Field, petrographic-structural and geochemical data are reported for spinel and plagioclase peridotites from the northern domain of the Lanzo peridotite massif (Western Alps).The North Lanzo peridotites are extremely heterogeneous in terms of mineral mode, texture and chemistry. They can be referred to four major groups: (1) spinel harzburgites with coarse granular to porphyroclastic structures; (2) pyroxene-depleted spinel harzburgites recording olivine-forming or pyroxene-consuming microtextures; (3) spinel lherzolites with porphyroclastic to foliated and banded structures; (4) plagioclaseenriched spinel lherzolites. Major and trace element characterization of whole-rocks and their constituent minerals allows reconstruction of the complex series of pre- to syn-rift events this mantle sector underwent. Sr, Nd and Hf isotope data provide information on the nature of infiltrating melts and time constraints. More depleted harzburgites represent refractory protoliths that after melt extraction, possibly in the presence of residual garnet, underwent a first episode of refertilization by enriched mid-ocean ridge basalt (E-MORB)-like melts, whereas harzburgites and spinel lherzolites with ocean island basalt (OIB) signatures document the successive migration of alkaline melts. The most noticeable feature of this group of rocks is their Nd-Hf decoupling, specifically the very high 176Hf/ 177Hf coupled with very low 143Nd/ 144Nd. Lu-Hf data for these peridotites define an ~260Ma errorchron that is interpreted as evidence of mixing during relatively recent times between old (most probably Proterozoic) refractory subcontinental mantle and OIB-type melts. This event most probably occurred during extension (Triassic times) or during the onset of exhumation (Liassic times). Plagioclase peridotites document the last refertilization episode, involving the shallow-level impregnation of harzburgite mantle by evolved MORB melts before its sea-floor emplacement. This MiddleJurassic event caused the almost complete resetting of the original trace element and 87Sr/ 86Sr composition. The combination of structural, petrological and geochemical information for a north- south Lanzo traverse, from the North Massif to the South Massif, notwithstanding the effects of the alpine orogeny, allows the study of the complete evolution of a sector of old (Proterozoic?) mantle since the early stages of melt removal and allows reconstruction of the tectonic and magmatic events during continental extension leading to the opening of the Jurassic Ligurian-Piedmontese basin. North Lanzo fundamentally preserves the record of pre-syn-rift ancient episodes, whereas South Lanzo better highlights the processes that deeply modified and refertilized the older lithosphere during subsequent lithosphere extension. Slow to very slow extension led to sea-floor exposure of the subcontinental lithospheric mantle (North Lanzo) at a marginal position, close to the Adria continental margin, and of the deeply melt-modified lithospheric mantle (Lanzo South) in a more distal setting of the basin. In this respect, the Lanzo traverse is closely similar to the ocean-continent transition in slow- or ultraslow-spreading oceanic basins, such as the North Atlantic.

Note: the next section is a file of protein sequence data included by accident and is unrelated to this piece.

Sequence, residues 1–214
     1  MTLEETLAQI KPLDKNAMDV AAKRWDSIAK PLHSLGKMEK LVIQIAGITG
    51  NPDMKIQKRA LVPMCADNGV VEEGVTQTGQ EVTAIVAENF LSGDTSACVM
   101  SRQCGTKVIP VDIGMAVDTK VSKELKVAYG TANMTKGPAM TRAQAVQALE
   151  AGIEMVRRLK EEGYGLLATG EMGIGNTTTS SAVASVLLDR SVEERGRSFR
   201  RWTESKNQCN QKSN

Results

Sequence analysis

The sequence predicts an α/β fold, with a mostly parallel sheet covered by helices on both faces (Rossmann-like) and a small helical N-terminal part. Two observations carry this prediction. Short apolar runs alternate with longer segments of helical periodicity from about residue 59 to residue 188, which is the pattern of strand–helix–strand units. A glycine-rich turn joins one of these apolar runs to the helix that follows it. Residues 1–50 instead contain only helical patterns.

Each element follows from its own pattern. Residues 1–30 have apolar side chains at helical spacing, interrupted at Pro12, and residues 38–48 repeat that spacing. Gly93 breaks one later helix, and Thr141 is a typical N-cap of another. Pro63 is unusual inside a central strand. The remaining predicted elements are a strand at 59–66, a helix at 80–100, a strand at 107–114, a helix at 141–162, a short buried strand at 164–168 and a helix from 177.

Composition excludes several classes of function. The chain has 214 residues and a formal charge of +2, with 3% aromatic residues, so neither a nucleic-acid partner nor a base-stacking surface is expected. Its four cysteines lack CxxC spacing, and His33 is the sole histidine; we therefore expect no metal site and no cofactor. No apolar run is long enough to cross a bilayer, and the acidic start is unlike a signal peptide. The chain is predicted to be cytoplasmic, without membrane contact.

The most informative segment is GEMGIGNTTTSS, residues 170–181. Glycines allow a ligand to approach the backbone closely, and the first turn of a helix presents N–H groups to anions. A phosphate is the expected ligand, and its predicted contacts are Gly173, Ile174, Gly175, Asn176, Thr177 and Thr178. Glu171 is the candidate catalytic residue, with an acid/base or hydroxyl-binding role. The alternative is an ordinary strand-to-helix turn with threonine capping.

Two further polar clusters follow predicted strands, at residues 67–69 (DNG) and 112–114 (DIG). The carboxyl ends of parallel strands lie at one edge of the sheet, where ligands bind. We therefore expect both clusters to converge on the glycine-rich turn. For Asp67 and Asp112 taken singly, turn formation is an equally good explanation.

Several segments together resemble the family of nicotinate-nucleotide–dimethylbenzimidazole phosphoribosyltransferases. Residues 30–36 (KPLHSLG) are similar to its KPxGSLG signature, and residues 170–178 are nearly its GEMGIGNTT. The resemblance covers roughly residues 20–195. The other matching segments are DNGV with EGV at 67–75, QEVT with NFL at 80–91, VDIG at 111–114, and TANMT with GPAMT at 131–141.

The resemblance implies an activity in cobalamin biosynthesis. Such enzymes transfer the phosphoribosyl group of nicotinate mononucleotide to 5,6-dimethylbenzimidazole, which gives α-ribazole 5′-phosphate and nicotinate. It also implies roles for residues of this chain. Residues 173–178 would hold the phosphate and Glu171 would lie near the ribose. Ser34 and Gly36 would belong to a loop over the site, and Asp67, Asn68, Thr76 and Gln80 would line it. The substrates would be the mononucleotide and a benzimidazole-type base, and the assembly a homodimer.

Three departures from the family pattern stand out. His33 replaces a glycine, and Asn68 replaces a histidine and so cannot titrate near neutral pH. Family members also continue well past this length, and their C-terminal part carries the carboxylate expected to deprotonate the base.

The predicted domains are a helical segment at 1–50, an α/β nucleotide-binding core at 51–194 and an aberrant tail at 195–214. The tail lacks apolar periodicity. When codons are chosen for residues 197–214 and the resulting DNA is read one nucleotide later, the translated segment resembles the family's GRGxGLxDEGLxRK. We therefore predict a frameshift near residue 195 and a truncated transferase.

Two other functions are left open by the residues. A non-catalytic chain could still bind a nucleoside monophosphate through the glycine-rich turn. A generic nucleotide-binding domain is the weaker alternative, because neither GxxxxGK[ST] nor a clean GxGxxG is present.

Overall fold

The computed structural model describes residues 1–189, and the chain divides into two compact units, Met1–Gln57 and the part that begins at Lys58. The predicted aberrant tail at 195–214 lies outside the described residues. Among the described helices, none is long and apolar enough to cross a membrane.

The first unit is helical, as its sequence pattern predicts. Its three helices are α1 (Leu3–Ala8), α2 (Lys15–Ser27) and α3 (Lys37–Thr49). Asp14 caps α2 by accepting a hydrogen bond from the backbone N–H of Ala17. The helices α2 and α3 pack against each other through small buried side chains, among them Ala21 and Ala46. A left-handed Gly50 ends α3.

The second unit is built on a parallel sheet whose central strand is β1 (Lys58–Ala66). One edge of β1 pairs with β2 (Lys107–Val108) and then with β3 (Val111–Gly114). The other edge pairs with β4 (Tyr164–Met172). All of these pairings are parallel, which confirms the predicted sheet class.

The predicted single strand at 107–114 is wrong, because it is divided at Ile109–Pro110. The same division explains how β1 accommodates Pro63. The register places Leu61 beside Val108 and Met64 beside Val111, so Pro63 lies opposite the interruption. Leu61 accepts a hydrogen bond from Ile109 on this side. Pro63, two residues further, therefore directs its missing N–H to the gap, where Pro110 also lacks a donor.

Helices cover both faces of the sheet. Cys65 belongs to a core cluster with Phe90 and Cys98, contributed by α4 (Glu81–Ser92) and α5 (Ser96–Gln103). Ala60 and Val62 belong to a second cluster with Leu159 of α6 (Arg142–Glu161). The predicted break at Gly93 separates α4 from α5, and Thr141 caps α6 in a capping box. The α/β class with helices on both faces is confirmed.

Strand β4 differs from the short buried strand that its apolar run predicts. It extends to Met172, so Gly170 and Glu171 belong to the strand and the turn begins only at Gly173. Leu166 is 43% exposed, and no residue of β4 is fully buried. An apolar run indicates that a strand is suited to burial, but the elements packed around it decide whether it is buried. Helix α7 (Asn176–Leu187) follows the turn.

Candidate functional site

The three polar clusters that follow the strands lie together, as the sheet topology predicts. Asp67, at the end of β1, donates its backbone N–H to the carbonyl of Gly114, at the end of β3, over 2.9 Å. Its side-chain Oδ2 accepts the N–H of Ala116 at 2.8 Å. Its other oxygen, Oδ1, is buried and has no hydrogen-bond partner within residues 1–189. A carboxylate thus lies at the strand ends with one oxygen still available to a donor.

ASJC Scopus subject areas
- Geochemistry and Petrology